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The northern part of the Panamint Range, Inyo County, California, contains many early and middle Paleozoic marine formations, but precise stratigraphic relations are poorly known for lack of abundant megafossils and because of postdepositional dolomitization and silicification of the rocks.
The type section of the Hidden Valley Dolomite consists of 1,365 ft of light- to dark-gray, chert-bearing dolomite. On the basis of megafossil evidence, previous workers considered that the major part was Silurian and the upper 65 ft was Early Devonian.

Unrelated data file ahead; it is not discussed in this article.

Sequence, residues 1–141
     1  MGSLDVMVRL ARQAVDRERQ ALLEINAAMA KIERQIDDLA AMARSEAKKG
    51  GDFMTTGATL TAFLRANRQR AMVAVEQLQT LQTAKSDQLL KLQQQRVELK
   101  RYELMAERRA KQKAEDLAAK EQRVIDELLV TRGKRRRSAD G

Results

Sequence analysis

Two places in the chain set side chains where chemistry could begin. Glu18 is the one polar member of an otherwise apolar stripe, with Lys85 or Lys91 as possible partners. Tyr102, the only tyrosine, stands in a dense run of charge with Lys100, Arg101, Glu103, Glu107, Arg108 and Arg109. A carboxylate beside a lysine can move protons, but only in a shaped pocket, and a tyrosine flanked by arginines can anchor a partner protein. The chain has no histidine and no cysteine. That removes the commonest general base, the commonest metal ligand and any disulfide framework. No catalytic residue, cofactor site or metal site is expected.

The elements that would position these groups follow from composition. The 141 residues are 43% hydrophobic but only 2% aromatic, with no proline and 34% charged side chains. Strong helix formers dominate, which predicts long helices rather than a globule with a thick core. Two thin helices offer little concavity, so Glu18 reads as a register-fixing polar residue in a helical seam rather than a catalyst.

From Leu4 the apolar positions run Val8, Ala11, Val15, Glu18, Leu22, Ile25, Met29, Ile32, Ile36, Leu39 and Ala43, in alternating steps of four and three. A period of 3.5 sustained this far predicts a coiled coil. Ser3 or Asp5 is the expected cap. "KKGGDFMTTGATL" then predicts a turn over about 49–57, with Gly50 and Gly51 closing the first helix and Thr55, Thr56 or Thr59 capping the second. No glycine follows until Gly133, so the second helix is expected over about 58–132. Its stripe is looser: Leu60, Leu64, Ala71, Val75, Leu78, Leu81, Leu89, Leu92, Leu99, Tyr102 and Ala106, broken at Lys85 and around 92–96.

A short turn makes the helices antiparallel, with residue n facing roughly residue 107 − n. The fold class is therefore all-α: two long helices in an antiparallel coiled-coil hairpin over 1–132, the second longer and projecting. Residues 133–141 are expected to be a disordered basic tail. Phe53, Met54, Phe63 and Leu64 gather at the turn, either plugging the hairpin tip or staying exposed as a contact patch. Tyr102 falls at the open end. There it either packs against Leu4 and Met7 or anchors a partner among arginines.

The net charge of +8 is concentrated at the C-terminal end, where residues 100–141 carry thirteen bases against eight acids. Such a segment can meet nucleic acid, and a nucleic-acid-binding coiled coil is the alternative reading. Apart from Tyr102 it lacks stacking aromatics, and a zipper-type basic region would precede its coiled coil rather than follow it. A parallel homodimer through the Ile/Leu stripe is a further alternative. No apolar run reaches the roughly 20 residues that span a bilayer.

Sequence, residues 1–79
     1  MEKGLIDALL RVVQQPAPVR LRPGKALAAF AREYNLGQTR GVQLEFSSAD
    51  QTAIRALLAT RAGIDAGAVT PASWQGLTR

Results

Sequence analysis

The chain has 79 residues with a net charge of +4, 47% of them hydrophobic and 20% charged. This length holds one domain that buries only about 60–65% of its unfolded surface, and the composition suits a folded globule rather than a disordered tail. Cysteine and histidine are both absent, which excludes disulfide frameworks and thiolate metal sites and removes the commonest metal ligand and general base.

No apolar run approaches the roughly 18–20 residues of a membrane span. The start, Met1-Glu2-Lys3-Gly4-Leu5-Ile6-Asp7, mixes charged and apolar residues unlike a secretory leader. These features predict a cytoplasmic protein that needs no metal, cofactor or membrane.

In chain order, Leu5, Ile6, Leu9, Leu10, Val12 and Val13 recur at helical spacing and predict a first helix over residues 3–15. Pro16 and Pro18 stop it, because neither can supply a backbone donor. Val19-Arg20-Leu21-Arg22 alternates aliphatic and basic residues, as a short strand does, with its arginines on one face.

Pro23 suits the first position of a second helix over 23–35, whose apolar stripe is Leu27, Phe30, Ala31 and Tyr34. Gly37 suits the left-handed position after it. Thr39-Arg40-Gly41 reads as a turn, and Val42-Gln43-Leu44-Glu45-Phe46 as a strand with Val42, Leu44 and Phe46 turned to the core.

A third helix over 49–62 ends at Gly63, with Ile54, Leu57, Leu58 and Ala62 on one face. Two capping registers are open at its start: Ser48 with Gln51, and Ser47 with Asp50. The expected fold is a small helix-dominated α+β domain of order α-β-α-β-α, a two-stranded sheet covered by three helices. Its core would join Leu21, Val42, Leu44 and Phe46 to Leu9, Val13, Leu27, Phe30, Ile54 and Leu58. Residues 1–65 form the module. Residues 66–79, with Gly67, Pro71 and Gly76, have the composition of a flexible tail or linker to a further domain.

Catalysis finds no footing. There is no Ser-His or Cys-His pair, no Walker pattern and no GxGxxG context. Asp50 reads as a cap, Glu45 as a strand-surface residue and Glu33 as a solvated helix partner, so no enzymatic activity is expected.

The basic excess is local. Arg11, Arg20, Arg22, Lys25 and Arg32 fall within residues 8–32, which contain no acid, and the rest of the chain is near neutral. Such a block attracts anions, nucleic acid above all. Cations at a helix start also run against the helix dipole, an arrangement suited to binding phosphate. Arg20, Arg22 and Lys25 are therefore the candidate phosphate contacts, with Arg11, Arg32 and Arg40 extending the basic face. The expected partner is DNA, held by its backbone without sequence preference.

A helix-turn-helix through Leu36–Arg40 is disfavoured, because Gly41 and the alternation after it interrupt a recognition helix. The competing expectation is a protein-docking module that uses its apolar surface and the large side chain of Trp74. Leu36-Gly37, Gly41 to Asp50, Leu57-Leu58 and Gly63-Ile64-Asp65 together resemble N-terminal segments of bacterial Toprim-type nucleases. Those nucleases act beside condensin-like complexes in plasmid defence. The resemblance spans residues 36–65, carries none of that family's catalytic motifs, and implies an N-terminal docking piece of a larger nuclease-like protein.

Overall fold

Approximately 1,000 conodonts were identified from samples collected in a measured section about 1.5 mi north of the type section. Specimens from the uppermost 50 ft of the underlying Ely Springs Dolomite indicate a Late Ordovician or Early Silurian age. Conodonts from the Hidden Valley Dolomite indicate the presence of the European and eastern North America Neospathogathodus celloni zone and the younger Pterospathodus amorphognathoides zone within the lower 325 ft of the formation. Both zones are of Llandovery age (C2-C6) and represent the first report of Early Silurian conodont zones from the Death Valley area. The middle part of the formation yielded no conodonts, but a sparse fauna about 150 ft below the upper boundary contains specimens Polygnathus lingulifo mis and Icriodus latericrescens, suggesting an Early Devonian age. No diagnostic Devonian conodonts were recovered from the lower 100 ft of the overlying Lost Burro Formation.
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